Once, after a discussion of the doctrine, Dōgen instructed:“It is not good to overwhelm another person with argument even when he is wrong and you are right. Yet it is also not right to give up easily, saying ‘I am wrong,’ when you have every reason to believe you are right. The best way is to drop the argument naturally, without pressing the other person or falsely admitting that you are wrong. If you don’t listen to his arguments and don’t let them bother you, he will do the same and not become angry. This is something to watch carefully.”

—A Primer of Sōtō Zen: A Translation of Dōgen’s Shōbōgenzō Zuimonki, by Reihō Masunaga, An East-West Center Book, Published for the the East-West center by the University of Hawaii Press, Honolulu, 1971. (http://bit.ly/oI7du6)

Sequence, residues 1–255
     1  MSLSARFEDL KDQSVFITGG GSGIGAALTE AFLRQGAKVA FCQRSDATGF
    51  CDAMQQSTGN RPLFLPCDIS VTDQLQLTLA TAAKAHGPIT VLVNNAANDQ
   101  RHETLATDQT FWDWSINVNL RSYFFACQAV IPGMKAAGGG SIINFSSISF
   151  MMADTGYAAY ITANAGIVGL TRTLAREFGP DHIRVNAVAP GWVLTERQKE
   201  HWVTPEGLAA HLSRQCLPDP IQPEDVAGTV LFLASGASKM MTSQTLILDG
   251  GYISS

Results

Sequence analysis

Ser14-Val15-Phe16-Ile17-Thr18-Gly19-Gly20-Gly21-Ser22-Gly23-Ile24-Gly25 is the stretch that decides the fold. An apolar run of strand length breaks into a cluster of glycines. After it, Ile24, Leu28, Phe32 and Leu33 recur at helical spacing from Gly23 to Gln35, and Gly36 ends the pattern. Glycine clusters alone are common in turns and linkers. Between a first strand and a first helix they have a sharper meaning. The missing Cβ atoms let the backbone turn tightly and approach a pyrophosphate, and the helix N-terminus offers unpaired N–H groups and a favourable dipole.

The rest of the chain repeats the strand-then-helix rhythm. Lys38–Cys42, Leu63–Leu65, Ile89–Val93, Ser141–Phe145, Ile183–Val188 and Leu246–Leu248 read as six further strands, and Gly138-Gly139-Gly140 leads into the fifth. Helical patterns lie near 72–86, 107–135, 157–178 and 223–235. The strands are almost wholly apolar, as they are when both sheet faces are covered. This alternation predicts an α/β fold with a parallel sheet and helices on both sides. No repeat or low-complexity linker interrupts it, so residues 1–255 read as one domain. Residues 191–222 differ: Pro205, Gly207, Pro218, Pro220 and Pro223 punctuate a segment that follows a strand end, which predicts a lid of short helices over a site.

The sides were always strange,“ Beychae said. ‘We all said that all we wanted was the best for the Cluster, and I think we all meant it, mostly. We all still want that. But I don’t know what the right thing to do is; I sometimes think I know too much, I’ve studied too much, learned too much, remembered too much. It all seems to average out, somehow; like dust that settles over … whatever machinery we carry inside us that leads us to act, and puts the same weight everywhere, so that always you can see good and bad on each side, and always there are arguments, precedents for every possible course of action … so of course one ends up doing nothing. Perhaps that’s only right; perhaps that’s what evolution requires, to leave the field free for younger, unencumbered minds, and those not afraid to act.”

Iain M. Banks, Use of Weapons (#)